Resources for Academic Live-Bloggers
- Twitter-Journalism (Twittalism): What Are the Responsibilities of the Academic Live-Tweeter?
- On Academic Live-Tweeting & Other Threats
- #Twittergate: The etiquette (and ethic) of live-tweeting a conference or lecture
- The benefits of using a Twitter feed at an event
- Digital Transformations: Visualising the #digitrans Backchannel
[4 October 08:40am BST Update: last night the Guardian published my article "Live-tweeting at academic conferences: 10 rules of thumb". It can be read here.]
There are very interesting resources out there that can be useful for those interested in academic live-blogging or live-tweeting. My approach comes from an arts and humanities perspective, and other disciplines might have different concerns. Those in the medical sciences, for example, might have to check the research guidelines of their institutions and professional associations before engaging in the live sharing of third-party content. In the arts and humanities we are still catching up with the challenges posed by social media (these challenges are not necessarily exclusive of social media and therefore are not particularly new). Due to the very flexible nature of social media (nothing ever remains the same and things can change very quickly) it is important to be willing to adapt existing resources to specific requirments or circumstances.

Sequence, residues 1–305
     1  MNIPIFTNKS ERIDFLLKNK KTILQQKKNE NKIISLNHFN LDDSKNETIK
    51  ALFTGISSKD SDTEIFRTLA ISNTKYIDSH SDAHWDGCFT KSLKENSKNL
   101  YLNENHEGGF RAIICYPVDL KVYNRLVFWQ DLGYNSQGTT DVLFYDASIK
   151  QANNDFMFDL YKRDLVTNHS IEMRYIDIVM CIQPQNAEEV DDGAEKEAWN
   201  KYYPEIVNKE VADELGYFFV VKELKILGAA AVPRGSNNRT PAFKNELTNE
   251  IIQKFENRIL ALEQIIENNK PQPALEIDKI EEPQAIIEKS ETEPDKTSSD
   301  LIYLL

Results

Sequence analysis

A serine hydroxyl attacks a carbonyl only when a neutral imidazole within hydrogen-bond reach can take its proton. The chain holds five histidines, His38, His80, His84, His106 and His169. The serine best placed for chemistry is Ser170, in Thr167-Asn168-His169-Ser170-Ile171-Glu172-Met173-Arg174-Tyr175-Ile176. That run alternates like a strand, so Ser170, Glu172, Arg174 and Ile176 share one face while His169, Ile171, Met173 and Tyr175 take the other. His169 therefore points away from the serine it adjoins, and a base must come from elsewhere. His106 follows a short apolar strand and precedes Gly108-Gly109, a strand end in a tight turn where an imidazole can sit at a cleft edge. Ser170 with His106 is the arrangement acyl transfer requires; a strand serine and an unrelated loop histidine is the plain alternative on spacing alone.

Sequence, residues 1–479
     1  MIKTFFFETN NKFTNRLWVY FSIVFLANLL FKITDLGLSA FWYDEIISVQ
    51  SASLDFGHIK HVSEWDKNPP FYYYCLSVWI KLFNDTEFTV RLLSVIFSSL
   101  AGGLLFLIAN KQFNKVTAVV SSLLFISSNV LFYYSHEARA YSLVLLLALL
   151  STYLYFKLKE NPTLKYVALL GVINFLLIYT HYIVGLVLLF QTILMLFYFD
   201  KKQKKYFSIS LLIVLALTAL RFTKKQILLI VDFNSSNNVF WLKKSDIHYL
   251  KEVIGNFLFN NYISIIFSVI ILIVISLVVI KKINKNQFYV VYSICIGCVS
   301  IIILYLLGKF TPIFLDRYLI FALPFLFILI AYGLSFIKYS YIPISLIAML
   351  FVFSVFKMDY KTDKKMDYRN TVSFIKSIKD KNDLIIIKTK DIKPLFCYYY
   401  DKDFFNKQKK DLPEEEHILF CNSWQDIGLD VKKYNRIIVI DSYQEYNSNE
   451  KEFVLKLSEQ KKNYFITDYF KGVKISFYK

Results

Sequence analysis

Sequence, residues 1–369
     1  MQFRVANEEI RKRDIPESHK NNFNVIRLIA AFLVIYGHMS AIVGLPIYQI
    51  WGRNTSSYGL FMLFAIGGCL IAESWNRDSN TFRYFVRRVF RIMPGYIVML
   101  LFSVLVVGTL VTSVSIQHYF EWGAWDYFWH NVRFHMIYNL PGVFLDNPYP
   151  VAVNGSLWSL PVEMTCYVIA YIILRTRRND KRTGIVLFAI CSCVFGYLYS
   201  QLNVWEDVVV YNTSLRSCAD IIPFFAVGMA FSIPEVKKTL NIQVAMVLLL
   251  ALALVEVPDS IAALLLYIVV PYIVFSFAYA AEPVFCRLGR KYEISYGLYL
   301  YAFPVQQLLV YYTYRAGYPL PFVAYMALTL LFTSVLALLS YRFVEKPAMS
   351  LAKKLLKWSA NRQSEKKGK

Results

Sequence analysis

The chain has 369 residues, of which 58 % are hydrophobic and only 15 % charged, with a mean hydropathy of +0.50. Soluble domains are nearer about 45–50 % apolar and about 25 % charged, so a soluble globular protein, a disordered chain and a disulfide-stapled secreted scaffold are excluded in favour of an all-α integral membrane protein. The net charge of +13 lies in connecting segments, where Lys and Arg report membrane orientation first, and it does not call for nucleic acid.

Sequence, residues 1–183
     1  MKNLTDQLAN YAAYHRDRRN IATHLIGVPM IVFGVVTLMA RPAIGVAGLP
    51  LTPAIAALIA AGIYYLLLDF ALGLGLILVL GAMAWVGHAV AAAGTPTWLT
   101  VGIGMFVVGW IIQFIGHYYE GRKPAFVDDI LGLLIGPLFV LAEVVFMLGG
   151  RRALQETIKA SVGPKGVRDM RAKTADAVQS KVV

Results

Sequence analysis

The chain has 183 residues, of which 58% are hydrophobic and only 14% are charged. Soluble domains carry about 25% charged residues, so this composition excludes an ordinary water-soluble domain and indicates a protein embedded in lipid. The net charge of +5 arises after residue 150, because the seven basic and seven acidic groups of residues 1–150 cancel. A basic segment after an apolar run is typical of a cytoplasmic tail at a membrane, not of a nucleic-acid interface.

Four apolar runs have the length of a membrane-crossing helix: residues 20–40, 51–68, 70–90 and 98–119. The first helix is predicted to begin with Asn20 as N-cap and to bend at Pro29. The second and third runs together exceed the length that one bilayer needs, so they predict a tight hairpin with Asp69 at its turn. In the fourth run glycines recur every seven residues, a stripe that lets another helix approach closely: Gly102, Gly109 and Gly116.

Live-blogging is essentially a form of reporting and a way of engaging with real life events and with their reports. It is a form of broadcasting content. It is also a form of research. Guidelines from journalism and research ethics (particularly Internet-Mediated Research) can be very helpful for those working with social media to report academic events as they take place. Academia in the arts and humanities has been relatively slow in the adoption of social media for professional communications and in my view the discussion of issues arising from it shows this, particularly when contrasted with similar discussions in say media or journalism studies. It is in these fields where we can find very interesting resources that we as humanities scholars can adapt to our own settings.
What follows is a quick list of some of the resources I would like to recommend. Obviously there is much more out there. Please note many of the following resources do not specifically refer to arts and humanities academic conference live-tweeting; my suggestion is that there is useful information there we could learn from and adapt to our own needs and purposes.
Twitter Terms of Service <http://twitter.com/tos>
Twitter Guidelines, Best Practices, Policies <http://support.twitter.com/groups/33-report-abuse-or-policy-violations#topic_148>
Knight Digital Media Center Twitter for Journalists Engagement Tutorials <http://multimedia.journalism.berkeley.edu/tutorials/twitter/engagement/#>
Minocha, S. and Petre, M. (2012). Handbook of social media for researchers and supervisors <http://www.vitae.ac.uk/policy-practice/567271/Handbook-of-social-media-for-researchers-and-supervisors.html>
Priego, E. (2011). "How Twitter will revolutionise academic research and teaching". Guardian Higher Education Network Learning and Teaching Hub. <http://www.guardian.co.uk/higher-education-network/blog/2011/sep/12/twitter-revolutionise-academia-research>
Stempeck, M. "How to Live Blog Events with a Team". MIT Center for Civic Media. <http://civic.mit.edu/blog/mstem/how-to-liveblog-events-with-a-team>